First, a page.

An enormous effort to implement the Common Core State Standards (CCSS) is underway in more than 40 states and the District of Columbia. Districts are training staff, field-testing assessments, and evaluating technology requirements. Teachers are rewriting curriculum and instruction to prepare students for more rigorous coursework. Some states are further ahead than others. And as the 2014 – 2015 implementation deadline draws near, it’s likely that the road has been—and will continue to be—a bit rocky.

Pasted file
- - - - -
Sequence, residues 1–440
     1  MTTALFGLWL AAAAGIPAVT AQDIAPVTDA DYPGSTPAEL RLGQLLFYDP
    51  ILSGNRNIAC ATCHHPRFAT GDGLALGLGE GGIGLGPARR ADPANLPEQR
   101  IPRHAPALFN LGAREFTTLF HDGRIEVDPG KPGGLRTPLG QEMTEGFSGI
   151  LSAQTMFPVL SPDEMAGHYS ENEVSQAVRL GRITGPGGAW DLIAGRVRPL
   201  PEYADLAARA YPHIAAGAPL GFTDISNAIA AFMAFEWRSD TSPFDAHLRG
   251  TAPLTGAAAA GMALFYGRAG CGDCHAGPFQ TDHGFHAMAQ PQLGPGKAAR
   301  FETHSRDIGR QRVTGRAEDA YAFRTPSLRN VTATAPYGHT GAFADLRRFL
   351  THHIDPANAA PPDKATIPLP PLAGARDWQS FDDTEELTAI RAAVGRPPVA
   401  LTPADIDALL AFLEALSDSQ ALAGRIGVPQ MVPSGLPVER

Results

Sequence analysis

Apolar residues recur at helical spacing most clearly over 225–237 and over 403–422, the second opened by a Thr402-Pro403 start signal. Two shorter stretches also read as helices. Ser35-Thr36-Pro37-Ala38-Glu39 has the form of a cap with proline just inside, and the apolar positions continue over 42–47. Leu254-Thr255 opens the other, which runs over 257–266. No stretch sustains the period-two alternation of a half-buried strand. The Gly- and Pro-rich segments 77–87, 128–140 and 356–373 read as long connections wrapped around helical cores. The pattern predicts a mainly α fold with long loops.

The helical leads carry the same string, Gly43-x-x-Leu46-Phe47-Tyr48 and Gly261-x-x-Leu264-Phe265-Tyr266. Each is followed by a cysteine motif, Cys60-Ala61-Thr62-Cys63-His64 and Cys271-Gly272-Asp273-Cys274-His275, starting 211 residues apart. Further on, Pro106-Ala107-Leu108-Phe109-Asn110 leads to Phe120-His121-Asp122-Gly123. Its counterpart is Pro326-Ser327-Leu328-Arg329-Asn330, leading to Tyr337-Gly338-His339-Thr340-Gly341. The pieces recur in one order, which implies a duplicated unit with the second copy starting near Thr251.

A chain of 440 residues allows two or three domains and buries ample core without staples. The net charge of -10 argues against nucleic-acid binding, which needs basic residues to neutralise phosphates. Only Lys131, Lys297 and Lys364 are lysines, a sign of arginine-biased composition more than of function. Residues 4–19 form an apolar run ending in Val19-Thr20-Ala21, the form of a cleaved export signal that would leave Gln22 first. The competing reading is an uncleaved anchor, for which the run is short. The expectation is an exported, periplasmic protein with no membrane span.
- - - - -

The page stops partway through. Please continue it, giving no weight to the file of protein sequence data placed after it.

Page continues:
But schools are forging ahead with the initiative—even as it faces opponents who are determined to mislabel the effort as everything from “Obamacore” to a “national curriculum.” The Common Core is a set of voluntary K–12 standards in English language arts/literacy and mathematics. The White House did not create the initiative, nor is it leading it. The standards were developed by governors and state school officials, with input from a wide range of educators, content experts, national organizations (including NEA), and community groups.